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Snapshot: Metropolitan Opera House

September 18, 2013

Post 2 in the Snapshot Series  – Occasionally in my travels I come across a theater that I can’t find a lot of information on, or that I only have a chance to photograph for an hour or two. They’re still beautiful and fascinating, so they definitely have a place on After the Final Curtain.

View of the auditorium from the side of the upper balcony.

View of the auditorium from the side of the upper balcony.

Philadelphia’s Metropolitan Opera House opened on November 17, 1908 as the Philadelphia Opera House. The 3,482 seat theater was built by architect William H. McElfatrick for Oscar Hammerstein, the grandfather of Oscar Hammerstein II, the famous musical theater lyricist. However, Hammerstein fell into debt and was forced to sell the opera house to one of his competitors, the Metropolitan Opera of New York City, after only two years.

The plasterwork at the top of the proscenium arch depicts two angels surrounding the state seal of Pennsylvania. In the center is the word Liberty, part of the state's motto.

The plasterwork at the top of the proscenium arch depicts two angels surrounding the state seal of Pennsylvania. In the center is the word Liberty, part of the state’s motto.

The MET occupied the building until 1920, after which several opera companies used it until the mid 1930s.  Over the years, the building went through many different uses, including as a movie theater in the late 1920’s, a ballroom in the late 1930’s and a sports arena in the 1940’s. The theater was then purchased by a reverend in 1954, who turned it into a church. The Met Church was very popular, often filling the mezzanine and the upper balcony. Over time the church’s congregation decreased, the owners were no longer able to keep up with repairs, and the building began to deteriorate.

The blue tarp was placed there to protect the church floor from falling plaster.

The blue tarp was put in place to protect the church floor from falling plaster.

In 1988, the church was forced to close due to serious disrepair. It remained abandoned until 1995 when it was purchased by the Reverend Mark Hatcher, Jr. and the Holy Ghost Headquarters, another church. The Holy Ghost have repaired some of the building, but due to the condition of the walls and the balcony level ceiling, they were forced to place a reinforced tarp between the balcony and main levels. Reverend Hatcher has attempted to raise money to restore the building, and in 2012 it was announced that the church had teamed with Philadelphia developer Eric Blumenfeld to develop a plan to restore the theater.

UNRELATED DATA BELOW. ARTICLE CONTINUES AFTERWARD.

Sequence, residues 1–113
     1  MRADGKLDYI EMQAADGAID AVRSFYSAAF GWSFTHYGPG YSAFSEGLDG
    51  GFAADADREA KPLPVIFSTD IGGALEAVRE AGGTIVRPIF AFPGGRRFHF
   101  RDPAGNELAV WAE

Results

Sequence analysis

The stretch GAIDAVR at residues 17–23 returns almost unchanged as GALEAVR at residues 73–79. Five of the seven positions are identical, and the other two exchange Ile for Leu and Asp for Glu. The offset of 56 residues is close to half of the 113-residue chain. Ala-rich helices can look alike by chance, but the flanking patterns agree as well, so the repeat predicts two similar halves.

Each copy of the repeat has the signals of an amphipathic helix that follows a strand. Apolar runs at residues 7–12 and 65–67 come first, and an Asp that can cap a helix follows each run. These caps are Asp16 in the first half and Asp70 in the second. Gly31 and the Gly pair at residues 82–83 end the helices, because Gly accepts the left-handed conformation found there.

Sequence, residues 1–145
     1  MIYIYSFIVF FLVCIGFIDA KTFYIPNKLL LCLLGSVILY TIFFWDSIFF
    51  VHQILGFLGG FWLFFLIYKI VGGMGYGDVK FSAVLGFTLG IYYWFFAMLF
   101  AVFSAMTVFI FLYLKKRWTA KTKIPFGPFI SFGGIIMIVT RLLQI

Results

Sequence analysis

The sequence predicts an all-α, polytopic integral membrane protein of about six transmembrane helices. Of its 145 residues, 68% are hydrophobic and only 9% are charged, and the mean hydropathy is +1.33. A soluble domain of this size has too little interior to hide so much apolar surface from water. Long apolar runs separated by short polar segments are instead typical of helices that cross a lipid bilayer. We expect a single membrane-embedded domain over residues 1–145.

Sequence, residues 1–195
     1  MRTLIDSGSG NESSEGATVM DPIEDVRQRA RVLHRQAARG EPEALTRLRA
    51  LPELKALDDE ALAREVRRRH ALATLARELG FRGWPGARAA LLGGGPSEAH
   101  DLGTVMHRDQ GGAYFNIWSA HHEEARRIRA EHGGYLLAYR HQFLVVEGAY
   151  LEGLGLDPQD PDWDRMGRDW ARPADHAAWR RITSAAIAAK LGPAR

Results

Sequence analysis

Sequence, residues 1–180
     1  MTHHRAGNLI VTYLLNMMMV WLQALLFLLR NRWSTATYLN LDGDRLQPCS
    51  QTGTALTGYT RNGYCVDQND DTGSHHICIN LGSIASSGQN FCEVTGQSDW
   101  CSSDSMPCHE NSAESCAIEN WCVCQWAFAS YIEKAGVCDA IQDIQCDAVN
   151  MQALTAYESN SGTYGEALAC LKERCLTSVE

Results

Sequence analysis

The theater's proscenium arch.

The theater’s proscenium arch.

© Matthew Lambros and After the Final Curtain, 2013. Unauthorized use and/or duplication of this material without express and written permission from this blog’s author and/or owner is strictly prohibited. Excerpts and links may be used, provided that full and clear credit is given to Matthew Lambros and After the Final Curtain with appropriate and specific direction to the original content.

15 Comments leave one →
  1. September 18, 2013 5:16 pm

    Love the plaster work.

  2. September 18, 2013 6:32 pm

    Please God don’t them restore this as a church.

    • September 18, 2013 9:14 pm

      I think the plan is going to be a mixed use venue. Church, Concert hall, etc.

      • September 18, 2013 9:17 pm

        Good. I hate to see these places turned into the next strip mall church.

      • September 18, 2013 9:25 pm

        More often than not becoming a church is the best thing that can happen to these theaters. They usually keep them in pretty good shape.

  3. Steve Wienrib permalink
    September 18, 2013 8:34 pm


    Anything back stage?

    • September 18, 2013 9:13 pm

      Hi Steve – The bottom half of the stage area is in use, so I’m pretty sure it’s been cleaned out.

  4. September 18, 2013 9:52 pm

    lovely, like a giant open clam. Proscenium sounds like such a dirty word – maybe a forbidden body part of a clam. .. . . Nice post!

  5. September 19, 2013 2:07 am

    Reblogged this on ladyauspicious.

  6. September 22, 2013 4:12 pm

    The Met has a cameo in the Bruce Willis movie “12 Monkeys”. See

  7. lbphilly permalink
    February 16, 2014 11:54 am

    Cross your fingers for us. We saw an experimental dance production in the ghost of the Met back at the 2009 Hidden City festival.

  8. lbphilly permalink
    February 16, 2014 11:56 am

    P.S. Because of its excellent acoustics, the Met was long used as a recording venue for the Philadelphia Orchestra.

  9. Chris Cullen permalink
    March 3, 2015 9:16 pm

    So weird that they’ve divided the room vertically … I didn’t realize that at first. Hard to imagine the lower half looking acceptable for anyone with a tarp for a ceiling.

    • March 3, 2015 9:32 pm

      I agree Chris. I’d be worried about plaster-work falling through the tarp and injuring someone during a service. I had heard that the tarp was reinforced, but I never confirmed that. Here’s what the lower level looked like: Metropolitan Opera house lower level

      • Ms. Ollie Starks permalink
        March 5, 2015 10:08 pm

        I love this place, Good job HGH.

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